his cultural myopia is astounding : ipod, therefore i am a "pilgrim's progress for the twenty-first century music fanatic"
― attempt to look intentionally nerdy, awkward or (thomp), Sunday, 20 January 2013 14:56 (1 year ago) Permalink
this two pages after he's ragging on paul morley for sounding too much like a wired writer who refers to steve jobs 'building his brand like michelangelo painted the sistine chapel' ( = from a scaffold, presumably)
― attempt to look intentionally nerdy, awkward or (thomp), Sunday, 20 January 2013 14:57 (1 year ago) Permalink
i'm enjoying this so far. only 'wha?' moment for me was when he lumped 'naturals' in as a retro porn fad.
sometimes tits are just tits, man.
― gnarly_sceptre (+ +), Sunday, 20 January 2013 20:42 (1 year ago) Permalink
thanks for yr contribution to the thread
― attempt to look intentionally nerdy, awkward or (thomp), Sunday, 20 January 2013 21:12 (1 year ago) Permalink
feel like this belongs in here: http://www.guardian.co.uk/commentisfree/2013/feb/03/pop-culture-past-growing-faster-presentnot entirely sure what his point is, though! the 12-year-olds-think-rodriguez-is-bob-dylan comment is pretty lol-some though.
― tylerw, Thursday, 7 February 2013 17:49 (1 year ago) Permalink
this belongs here too, i suppose: http://www.seattleweekly.com/2013-02-06/music/why-we-can-t-leave-the-90s/i dunno, this all ends up depressing me, like i should feel guilty for enjoying reissues of old stuff. why? should i feel guilty about reading henry james? [not to say that's the authors of these pieces' intention, but whenever i read this stuff, that's how i end up feeling. think about my feelings.]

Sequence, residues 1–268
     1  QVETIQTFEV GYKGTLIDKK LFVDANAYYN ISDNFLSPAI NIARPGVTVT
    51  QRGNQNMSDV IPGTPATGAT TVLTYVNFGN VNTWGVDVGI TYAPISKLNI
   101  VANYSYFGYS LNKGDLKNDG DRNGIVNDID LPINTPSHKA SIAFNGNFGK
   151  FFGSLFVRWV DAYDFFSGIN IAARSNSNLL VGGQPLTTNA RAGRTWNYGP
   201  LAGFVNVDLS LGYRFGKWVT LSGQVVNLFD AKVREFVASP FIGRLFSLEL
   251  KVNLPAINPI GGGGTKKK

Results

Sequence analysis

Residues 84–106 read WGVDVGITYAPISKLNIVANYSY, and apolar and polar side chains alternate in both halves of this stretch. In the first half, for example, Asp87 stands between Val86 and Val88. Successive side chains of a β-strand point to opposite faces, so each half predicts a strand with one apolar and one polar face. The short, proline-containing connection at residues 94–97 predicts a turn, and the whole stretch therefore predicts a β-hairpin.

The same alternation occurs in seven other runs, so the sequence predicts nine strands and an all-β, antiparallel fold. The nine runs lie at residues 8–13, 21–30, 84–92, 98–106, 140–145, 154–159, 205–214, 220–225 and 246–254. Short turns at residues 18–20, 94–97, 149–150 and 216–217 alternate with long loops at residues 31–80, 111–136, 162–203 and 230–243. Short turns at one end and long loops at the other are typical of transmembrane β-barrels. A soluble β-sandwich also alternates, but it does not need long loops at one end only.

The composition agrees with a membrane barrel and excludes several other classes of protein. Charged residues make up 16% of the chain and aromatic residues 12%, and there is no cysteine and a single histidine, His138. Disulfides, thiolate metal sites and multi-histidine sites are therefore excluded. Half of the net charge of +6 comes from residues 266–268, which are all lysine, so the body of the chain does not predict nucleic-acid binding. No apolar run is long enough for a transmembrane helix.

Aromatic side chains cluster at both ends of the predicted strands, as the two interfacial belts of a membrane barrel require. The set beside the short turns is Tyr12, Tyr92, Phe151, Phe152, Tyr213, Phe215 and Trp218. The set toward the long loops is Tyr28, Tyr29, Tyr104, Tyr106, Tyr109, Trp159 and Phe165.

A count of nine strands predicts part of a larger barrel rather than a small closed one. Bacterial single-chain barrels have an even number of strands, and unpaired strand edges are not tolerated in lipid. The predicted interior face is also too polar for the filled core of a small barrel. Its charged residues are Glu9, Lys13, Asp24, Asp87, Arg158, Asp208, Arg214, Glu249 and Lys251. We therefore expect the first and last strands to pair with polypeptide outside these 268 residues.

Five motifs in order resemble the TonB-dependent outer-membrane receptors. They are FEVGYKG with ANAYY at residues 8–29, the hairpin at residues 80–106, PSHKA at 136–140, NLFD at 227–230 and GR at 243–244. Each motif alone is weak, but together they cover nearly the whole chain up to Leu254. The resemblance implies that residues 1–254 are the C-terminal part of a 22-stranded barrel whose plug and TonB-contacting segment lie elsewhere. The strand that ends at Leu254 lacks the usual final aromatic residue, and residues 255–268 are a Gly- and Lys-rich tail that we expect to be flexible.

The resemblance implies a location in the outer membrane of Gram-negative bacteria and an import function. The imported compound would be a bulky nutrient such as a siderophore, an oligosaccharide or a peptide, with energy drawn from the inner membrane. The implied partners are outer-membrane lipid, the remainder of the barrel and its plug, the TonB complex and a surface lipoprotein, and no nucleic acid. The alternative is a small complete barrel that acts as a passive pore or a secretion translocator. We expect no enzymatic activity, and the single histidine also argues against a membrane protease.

― tylerw, Thursday, 7 February 2013 17:55 (1 year ago) Permalink
Yesterday I read an interesting anecdote about Paul Weller. Apparently an early review accused him of being a "revivalist" because of the clear debt owed to Pete Townshend. He cut it out, stuck it on a piece of cardboard and below it wrote "How can I be a fucking revivalist when I'm only 18?".
This struck me in particular because he was "reviving" a style that was less than 10 years old! I was a child of the 70s and a teenager of the 80s, and in retrospect culture was certainly moving very fast but can you imagine being accused of revising something from 2004 today?
― Gerald McBoing-Boing, Thursday, 7 February 2013 18:53 (1 year ago) Permalink
no, in part because we're pretty conscious of what every 2004 artist was reviving themselves
― da croupier, Thursday, 7 February 2013 19:42 (1 year ago) Permalink
the 12-year-olds-think-rodriguez-is-bob-dylan comment is pretty lol-some though.
not really related but it made me think of when Dylan went to china a couple years back and the young folks in the audience were singing along way more to his newer stuff than the old classics. Thought that was pretty cool.
― brimstead, Thursday, 7 February 2013 20:06 (1 year ago) Permalink
i'm guilty of overrating some things because they have a compelling back story or w/e, but ... who cares? back story is part of the fun. i think at this point, that rodriguez album is probably overrated. it's good but not THE MOST AMAZING RECORD YOU NEVER HEARD or anything. but that doesn't mean it's not a fun thing to listen to/think about/etc.
― tylerw, Thursday, 7 February 2013 20:09 (1 year ago) Permalink